|Statement||by John Steinbeck.|
|LC Classifications||PS3537.T3234 G8 1939b|
|The Physical Object|
|Pagination||553 p. ;|
|Number of Pages||553|
|LC Control Number||86188363|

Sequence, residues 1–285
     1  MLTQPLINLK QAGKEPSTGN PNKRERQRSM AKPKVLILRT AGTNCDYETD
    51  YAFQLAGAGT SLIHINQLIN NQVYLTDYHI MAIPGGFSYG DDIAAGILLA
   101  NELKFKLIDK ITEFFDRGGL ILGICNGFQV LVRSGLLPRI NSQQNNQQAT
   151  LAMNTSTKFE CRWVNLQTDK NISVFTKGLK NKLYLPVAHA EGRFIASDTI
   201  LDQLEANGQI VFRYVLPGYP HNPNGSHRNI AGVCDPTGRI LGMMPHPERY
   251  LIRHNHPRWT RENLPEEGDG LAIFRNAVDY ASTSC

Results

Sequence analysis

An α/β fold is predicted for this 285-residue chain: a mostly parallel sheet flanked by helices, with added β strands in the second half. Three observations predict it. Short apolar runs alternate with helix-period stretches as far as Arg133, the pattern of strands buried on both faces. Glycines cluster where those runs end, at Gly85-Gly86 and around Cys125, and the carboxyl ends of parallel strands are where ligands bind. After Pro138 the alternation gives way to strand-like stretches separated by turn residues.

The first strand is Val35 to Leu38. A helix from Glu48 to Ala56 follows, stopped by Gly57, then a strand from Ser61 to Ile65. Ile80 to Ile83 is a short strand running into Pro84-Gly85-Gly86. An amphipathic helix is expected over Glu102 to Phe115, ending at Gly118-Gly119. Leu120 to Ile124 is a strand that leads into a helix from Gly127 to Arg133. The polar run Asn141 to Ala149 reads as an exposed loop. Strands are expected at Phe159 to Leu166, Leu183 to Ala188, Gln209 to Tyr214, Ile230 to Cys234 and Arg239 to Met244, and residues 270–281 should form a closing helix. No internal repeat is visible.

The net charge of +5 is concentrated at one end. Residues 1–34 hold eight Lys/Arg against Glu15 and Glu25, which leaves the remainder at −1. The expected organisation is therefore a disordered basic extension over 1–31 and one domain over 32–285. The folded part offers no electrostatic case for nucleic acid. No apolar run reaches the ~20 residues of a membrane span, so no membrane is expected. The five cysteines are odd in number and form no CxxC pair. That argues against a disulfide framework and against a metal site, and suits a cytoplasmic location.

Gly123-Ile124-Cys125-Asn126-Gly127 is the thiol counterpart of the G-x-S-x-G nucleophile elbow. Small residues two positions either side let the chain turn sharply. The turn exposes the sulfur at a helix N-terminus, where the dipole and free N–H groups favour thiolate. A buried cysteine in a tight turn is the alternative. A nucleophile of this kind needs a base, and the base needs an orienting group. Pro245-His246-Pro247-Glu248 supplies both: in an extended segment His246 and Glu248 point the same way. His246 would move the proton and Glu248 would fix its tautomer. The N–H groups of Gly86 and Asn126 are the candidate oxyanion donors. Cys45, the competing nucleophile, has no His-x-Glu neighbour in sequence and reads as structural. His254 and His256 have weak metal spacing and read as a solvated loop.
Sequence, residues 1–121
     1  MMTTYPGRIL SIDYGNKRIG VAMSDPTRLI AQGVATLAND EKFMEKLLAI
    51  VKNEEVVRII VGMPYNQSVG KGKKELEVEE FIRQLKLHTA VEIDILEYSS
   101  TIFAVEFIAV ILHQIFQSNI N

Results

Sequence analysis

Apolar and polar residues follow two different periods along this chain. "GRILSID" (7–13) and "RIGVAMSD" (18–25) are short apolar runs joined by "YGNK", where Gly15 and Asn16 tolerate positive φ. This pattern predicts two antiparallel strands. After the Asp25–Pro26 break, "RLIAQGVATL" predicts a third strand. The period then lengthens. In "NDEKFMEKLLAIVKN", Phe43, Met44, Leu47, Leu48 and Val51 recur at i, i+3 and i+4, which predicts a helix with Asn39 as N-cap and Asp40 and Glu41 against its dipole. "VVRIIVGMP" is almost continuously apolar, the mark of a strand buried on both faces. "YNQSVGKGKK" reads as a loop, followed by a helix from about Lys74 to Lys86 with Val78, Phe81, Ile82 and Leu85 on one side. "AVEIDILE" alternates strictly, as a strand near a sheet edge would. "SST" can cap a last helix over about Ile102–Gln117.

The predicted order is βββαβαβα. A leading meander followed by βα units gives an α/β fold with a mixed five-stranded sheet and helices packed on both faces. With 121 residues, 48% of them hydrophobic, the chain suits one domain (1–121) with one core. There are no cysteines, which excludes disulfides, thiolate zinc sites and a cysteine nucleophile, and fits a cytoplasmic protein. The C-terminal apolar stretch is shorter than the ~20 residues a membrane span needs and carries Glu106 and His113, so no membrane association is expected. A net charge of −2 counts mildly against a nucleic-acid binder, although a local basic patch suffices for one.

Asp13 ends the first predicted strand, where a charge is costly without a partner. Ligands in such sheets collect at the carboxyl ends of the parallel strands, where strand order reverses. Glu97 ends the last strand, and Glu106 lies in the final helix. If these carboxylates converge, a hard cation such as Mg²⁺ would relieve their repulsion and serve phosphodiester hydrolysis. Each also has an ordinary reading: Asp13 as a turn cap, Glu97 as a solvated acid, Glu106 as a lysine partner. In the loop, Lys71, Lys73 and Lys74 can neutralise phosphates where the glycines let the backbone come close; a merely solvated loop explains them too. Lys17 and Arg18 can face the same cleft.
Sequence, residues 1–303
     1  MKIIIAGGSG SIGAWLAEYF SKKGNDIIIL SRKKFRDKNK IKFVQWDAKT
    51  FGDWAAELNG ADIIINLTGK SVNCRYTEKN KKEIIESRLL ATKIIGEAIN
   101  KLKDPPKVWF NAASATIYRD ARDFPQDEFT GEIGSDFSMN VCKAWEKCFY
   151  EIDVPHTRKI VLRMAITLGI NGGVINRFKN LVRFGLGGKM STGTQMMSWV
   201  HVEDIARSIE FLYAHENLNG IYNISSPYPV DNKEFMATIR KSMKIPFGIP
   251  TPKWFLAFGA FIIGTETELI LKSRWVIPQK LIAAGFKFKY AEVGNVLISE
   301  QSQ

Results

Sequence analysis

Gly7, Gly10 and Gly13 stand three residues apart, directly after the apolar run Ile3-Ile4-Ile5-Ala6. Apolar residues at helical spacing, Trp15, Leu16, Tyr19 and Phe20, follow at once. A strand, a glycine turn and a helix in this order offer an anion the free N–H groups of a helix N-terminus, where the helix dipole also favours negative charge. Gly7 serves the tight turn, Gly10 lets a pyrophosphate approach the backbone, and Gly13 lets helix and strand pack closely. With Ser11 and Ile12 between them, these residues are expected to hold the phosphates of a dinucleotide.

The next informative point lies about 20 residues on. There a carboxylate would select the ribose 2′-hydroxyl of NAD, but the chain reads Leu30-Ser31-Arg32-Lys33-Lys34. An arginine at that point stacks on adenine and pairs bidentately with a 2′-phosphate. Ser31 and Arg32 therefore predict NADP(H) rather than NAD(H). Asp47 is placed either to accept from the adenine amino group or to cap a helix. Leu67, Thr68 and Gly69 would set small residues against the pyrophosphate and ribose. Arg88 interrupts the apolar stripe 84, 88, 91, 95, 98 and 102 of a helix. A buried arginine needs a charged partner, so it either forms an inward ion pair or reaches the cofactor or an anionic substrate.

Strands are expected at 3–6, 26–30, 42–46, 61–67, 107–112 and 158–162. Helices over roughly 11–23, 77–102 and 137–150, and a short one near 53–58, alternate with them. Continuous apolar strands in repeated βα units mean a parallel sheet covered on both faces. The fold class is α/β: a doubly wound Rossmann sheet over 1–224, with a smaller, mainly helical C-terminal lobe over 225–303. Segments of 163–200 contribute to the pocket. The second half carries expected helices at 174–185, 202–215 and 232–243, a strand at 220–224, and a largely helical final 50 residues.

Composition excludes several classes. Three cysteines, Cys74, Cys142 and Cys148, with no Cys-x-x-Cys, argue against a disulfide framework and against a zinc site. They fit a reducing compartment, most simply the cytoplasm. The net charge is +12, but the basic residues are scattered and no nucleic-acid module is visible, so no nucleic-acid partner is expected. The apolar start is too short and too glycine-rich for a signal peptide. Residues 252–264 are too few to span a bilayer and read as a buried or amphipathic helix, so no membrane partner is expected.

The Grapes of Wrath (), a book many claim is his masterpiece, was both critically acclaimed and denounced for its strong language and apparent leftist politics. Always shunning publicity, Steinbeck headed for Mexico in , where he made The Forgotten Village, a documentary film about conditions in rural : Penguin Publishing Group. The Grapes of Wrath, the best-known novel by John Steinbeck, published in The book evokes the harshness of the Great Depression and arouses sympathy for the struggles of migrant farmworkers beset by adversity and vast impersonal commercial influences. Learn more about the novel and its reception. Get free homework help on John Steinbeck's The Grapes of Wrath: book summary, chapter summary and analysis, quotes, essays, and character analysis courtesy of CliffsNotes. In John Steinbeck's The Grapes of Wrath, Tom Joad and his family are forced from their farm in the Depression-era Oklahoma Dust Bowl and set out for California along with thousands of others . When The Grapes of Wrath was published in , America, still recovering from the Great Depression, came face to face with itself in a startling, lyrical way. John Steinbeck gathered the country's recent shames and devastations--the Hoovervilles, the desperate, dirty children, the dissolution of kin, the oppressive labor conditions--in the Joad family/5(K).